My suggestions follow the spirit of the Justice Integrity Project's JFK Assassination "Readers Guide" last fall. That multi-part series began with a catalog of books, archives, reports and videos. It proceeds to assess various theories of President Kennedy's 1963 murder.

By now, we know from declassified documents that the CIA undertook a massive secret campaign to smear critics of the Warren Commission by labeling them "conspiracy theorists."

For example, the campaign used members of mainstream media friendly to the CIA to discredit New Orleans District Attorney Jim Garrison (shown below in a photo by Lynn Pelham). Garrison was prosecuting New Orleans businessman Clay Shaw in what Garrison alleged was a conspiracy to murder Kennedy. Shaw, an OSS liaison to high-ranking British officials during World War II, founded a major regional trade mart in New Orleans shortly after the war. Garrison alleged that Shaw met with rightist opponents of JFK to plan his murder.

A 50-page CIA memo, known as "CIA Dispatch 1035-960," instructed agents to contact their media contacts and disparage those, like Garrison, who challenged the Warren Commission findings that Lee Harvey Oswald killed JFK and acted alone. The 1967 document is here in the original, and here in reformatted text of its summary.

cia logoMinutes of CIA meeting that same year indicated CIA feared that Garrison would win a conviction.

Garrison's powerful explanation of his case to a nationwide NBC-TV audience in 1967, required under right of reply because of the network's attacks on him, is doubtless unique in American history and can be seen


nbc news logoBut a jury promptly acquitted Shaw following more than a dozen deaths (including suicide) of his potential witnesses and an intense smear campaign against Garrison by the national media.

More generally, Operation Mockingbird was the CIA's secret program to plant stories in certain prestigious news outlets.  

"With this [CIA] memo and the CIA’s influence in the media," author Peter Janney wrote in a guest column on our Justice Integrity Project site in 2013, "the concept of 'conspiracy theorist' was engendered and infused into our political lexicon and became what it is today: a term to smear, denounce, ridicule, and defame anyone who dares to speak about any crime committed by the state, military or intelligence services."

Janney, whose late father Wistar Janney had been a high-ranking CIA executive, continued: "People who want to pretend that conspiracies don’t exist — when in fact they are among the most common modus operandi of significant historical change throughout the world and in our country — become furious when their naive illusion is challenged."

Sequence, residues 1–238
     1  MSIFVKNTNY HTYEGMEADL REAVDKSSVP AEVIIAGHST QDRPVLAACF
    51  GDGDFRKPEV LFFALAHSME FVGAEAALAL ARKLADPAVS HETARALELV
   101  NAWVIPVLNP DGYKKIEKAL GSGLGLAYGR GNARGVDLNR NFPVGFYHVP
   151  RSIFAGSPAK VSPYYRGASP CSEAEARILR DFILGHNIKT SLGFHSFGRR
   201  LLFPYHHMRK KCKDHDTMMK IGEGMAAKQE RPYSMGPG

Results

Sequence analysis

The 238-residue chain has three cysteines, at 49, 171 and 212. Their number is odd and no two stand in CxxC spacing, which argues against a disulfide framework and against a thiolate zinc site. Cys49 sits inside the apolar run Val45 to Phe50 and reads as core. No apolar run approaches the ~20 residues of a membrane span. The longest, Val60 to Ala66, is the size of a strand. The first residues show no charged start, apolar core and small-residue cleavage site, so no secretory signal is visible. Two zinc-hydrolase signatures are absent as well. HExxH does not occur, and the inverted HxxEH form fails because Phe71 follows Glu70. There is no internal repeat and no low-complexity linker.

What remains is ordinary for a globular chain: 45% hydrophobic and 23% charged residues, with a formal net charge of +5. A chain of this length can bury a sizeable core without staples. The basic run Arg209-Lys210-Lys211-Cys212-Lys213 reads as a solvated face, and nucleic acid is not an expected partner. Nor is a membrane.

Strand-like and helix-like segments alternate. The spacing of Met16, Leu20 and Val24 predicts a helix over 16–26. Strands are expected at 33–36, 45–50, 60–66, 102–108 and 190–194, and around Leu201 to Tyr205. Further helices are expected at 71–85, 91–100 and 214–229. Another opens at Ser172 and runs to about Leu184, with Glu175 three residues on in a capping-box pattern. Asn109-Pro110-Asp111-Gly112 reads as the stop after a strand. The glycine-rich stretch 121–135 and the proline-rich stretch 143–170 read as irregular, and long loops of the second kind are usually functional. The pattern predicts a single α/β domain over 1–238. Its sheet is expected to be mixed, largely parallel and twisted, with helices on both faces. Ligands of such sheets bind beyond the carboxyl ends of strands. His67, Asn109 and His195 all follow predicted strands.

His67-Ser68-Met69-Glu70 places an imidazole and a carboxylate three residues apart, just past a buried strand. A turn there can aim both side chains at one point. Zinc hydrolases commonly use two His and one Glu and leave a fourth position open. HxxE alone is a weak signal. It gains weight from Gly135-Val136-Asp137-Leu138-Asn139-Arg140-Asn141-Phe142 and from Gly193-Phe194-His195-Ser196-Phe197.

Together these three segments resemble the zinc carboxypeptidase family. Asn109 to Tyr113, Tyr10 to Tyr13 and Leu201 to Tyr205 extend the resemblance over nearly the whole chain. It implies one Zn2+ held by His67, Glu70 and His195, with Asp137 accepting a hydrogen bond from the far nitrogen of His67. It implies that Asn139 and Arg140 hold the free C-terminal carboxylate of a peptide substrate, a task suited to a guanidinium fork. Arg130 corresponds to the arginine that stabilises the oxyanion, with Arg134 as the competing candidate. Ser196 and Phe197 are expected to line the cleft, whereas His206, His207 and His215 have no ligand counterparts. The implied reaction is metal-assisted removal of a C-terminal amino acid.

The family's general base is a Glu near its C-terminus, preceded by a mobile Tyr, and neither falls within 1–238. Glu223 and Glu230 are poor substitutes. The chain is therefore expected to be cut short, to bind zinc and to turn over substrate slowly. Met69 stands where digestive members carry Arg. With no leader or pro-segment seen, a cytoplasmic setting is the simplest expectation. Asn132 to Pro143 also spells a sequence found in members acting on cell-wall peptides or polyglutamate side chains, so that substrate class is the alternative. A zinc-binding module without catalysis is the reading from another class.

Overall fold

We would add, however, that journalists who pooh-pooh the existence of apparently genuine conspiracies, such as the long-term cover-up of evidence regarding the JFK assassination, open the door for partisan propagandists like Alex Jones to establish credibility with the tens of millions of Americans who do not believe the Warren Report -- and try to steer those audiences into baseless theories on other topics.

What He Said

With that background in mind, I left Thursday's public Q&A to others, and enjoyed the learning opportunity from hearing the speakers and audience members.

The experts listed below described the real-world challenges for journalists trying to uphold reasonable professional standards while their employers are making drastic layoffs and other financial cuts, while at the same time angry voices populate social media with both legitimate and phony complaints.

For example, Stelter and Jeff Koseff, U.S. Naval Academy assistant professor of cybersecurity law, both declined in separate remarks to endorse any particular congressional solution to problems they described because, they said, they are analysts and not advocates.

As the conference concluded, I approached Stelter, who remained to talk one on one with anyone.

I briefly referred to the history of "conspiracy theory" and asked what he thought of its frequent use by his CNN colleagues and others.

He seemed surprised at this history and asked for an alternative to the term.

My response was "evidence," either good or bad evidence examined on a case by case basis.

As one example, I noted how kathleen kennedy townsend npc cropped IMG 6241two of Robert Kennedy's children, Kathleen Kennedy Townsend, Maryland's former lieutenant governor (shown in a Justice Integrity Project photo last month at right) and Robert F. Kennedy Jr., were among those who signed a statement this year stating that they do not believe the official verdict finding that Sirhan Sirhan killed their father. That statement is reported, among other places, here (Kennedy and King Family Members and Advisors Call for Congress to Reopen Assassination Probes).